(Meg Carroway) #12

The thing is, if I push for creative control, they’ll absolutely push back and that’ll probably end the relationship quicker than not producing. They’re very talented but very… sensitive. They don’t want it to be collaborative, they want help making this thing. And I’m happy to help… just not as a producer if that makes sense!

(Meg Carroway) #13

Fair enough. That’s kinda what Bri said too and I think you guys are right… what they need help with most is just keeping everything organized- what has and hasn’t been bought, what has and hasn’t been shot, etc. And I can definitely do that but be clear that I can only work maybe two hours a week. It’s not like I’m NOT busy. Ok. Cool. Good. This is good. Thank you, all!!

(Bri Castellini) #14

I think more of us (myself included) need to learn to start saying “no.” There’s no (hah) shame in prioritizing your schedule and firmly declining offers of work, free OR paid. Sometimes, you have too much else on your place. Sometimes, you need more “me” time. Either way, saying “no” isn’t inherently rude, and we all have to stop thinking that if we aren’t 100% accommodating, we’re bad people.

(Kate Hackett) #15

It’s also okay to say “this isn’t the right project for me”. There’s no need to lie; you can be honest and simply say: this one isn’t a good fit for me, but please keep checking in.

(Meg Carroway) #16

Even when it’s a friend, though :confused: I hear what you and Bri are saying… and I could definitely use “no” more often, but with friends it gets complicated. Especially insecure ones.

(Melissa Malone) #17

My advice has mostly been covered but I say 100% don’t produce a project you don’t believe in/don’t want to work on, no matter what. I understand the dilemma of exchanging free work and this being a friend. That being said, put yourself in their shoes. Would you want your friend to produce your series voluntarily if they didn’t want to? I know I wouldn’t. In low budget (particularly no budget) filmmaking heart is half the battle!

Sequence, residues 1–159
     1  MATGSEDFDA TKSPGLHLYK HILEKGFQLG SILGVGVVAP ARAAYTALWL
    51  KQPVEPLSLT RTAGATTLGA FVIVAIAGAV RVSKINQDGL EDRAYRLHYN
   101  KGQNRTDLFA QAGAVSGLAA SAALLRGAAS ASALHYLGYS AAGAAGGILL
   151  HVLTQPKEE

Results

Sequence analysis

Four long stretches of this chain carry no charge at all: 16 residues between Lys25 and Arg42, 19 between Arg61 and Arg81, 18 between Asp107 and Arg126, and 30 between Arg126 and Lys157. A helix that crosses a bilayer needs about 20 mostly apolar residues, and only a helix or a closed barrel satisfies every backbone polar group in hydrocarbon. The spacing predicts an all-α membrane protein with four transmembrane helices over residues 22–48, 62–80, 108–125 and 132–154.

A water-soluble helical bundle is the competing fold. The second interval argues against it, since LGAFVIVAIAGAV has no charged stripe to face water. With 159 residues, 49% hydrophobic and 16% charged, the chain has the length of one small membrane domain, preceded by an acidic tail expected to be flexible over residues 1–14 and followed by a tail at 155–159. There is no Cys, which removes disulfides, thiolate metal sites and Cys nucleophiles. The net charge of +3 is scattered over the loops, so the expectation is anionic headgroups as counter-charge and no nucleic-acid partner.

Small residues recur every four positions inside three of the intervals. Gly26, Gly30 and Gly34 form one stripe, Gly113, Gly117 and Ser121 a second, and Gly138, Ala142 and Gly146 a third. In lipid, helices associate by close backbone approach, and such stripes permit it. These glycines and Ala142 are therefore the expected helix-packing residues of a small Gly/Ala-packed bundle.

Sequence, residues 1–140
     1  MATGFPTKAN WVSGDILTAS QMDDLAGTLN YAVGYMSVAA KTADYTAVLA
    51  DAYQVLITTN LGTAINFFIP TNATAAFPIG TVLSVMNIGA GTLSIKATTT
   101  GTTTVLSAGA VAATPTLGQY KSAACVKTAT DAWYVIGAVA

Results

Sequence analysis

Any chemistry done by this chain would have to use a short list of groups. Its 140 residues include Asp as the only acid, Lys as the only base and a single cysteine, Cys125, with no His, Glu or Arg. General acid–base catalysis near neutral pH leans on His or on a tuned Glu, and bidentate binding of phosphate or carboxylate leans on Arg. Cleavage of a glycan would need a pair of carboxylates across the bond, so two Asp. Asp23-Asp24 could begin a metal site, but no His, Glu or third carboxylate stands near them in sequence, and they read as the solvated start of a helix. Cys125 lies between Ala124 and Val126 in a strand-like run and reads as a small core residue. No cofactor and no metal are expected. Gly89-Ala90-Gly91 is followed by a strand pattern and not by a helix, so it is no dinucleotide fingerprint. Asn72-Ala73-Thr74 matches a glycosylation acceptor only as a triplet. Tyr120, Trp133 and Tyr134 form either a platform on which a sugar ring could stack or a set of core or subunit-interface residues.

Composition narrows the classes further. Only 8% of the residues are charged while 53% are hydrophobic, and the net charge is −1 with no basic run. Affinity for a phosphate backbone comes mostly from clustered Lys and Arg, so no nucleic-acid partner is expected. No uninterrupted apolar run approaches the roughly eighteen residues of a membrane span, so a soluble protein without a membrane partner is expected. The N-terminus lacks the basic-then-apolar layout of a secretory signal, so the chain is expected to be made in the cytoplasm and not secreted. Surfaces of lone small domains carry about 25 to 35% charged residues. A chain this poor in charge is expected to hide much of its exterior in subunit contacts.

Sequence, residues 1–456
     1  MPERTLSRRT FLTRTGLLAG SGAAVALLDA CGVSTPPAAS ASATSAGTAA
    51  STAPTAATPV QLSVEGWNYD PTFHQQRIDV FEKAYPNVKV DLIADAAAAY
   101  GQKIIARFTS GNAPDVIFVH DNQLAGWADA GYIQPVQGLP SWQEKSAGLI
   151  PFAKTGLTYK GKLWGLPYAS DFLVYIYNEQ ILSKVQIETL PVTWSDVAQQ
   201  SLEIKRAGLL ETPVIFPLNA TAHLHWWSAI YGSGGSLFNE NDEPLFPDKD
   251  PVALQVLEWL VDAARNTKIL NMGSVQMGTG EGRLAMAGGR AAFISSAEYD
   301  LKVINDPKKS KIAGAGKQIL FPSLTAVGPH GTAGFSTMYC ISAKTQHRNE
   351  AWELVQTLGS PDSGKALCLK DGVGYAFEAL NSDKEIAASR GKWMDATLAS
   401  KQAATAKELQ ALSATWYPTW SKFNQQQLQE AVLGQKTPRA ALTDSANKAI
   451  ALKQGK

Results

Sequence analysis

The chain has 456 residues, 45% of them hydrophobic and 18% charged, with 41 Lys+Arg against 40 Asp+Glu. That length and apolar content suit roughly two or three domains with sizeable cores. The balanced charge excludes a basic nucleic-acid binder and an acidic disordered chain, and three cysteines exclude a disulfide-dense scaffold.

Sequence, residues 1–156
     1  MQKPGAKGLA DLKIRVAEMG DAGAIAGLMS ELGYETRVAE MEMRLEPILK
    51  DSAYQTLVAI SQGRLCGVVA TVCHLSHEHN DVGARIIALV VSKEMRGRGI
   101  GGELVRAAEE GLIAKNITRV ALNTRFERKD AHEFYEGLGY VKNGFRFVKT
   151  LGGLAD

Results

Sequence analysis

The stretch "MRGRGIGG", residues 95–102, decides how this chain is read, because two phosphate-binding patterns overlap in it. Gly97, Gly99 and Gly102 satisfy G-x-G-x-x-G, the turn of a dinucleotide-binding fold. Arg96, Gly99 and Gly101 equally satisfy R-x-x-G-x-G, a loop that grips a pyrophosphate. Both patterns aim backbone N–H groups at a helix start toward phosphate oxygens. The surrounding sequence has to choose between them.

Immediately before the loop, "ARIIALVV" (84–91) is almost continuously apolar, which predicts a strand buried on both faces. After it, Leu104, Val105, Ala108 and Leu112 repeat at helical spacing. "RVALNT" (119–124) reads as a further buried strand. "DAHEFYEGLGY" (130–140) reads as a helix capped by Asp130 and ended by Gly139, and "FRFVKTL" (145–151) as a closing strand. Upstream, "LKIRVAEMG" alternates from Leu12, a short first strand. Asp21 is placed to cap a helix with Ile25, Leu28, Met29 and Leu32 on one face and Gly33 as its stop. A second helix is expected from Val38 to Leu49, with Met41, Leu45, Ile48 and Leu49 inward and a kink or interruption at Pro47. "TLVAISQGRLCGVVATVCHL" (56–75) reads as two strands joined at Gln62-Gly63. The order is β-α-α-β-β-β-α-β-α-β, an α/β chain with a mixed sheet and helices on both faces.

I would just be honest. If you aren’t comfortable being 100% honest then tell them you don’t have the time the time to it that it deserves as a producer. Let them know you would still love to help in some smaller capacity. If they don’t understand, as hard as it is to say it’s on them.

(Gabriel Crutchfield) #18

I’d go ahead and do it. But for me it would be a matter of repaying a debt. Yeah, I don’t like this particular project, but you really helped me out before and made something I’ve done in the past happen. I may need your help again sometime and I would want to keep that relationship going if it was worth it.

But I do see your point about how producing could be an issue if you’re not really into it.

(Melissa Malone) #19

I get that also. I think if it’s worth it and you have the time, go for it. But if you’re going to be distracted doing the project and not into it, etc then it’s better for everyone that someone else produce. I think honestly it just depends on each person. :slight_smile:

(Kate Hackett) #20


100% even when it’s a friend.

100000% even when it’s a friend.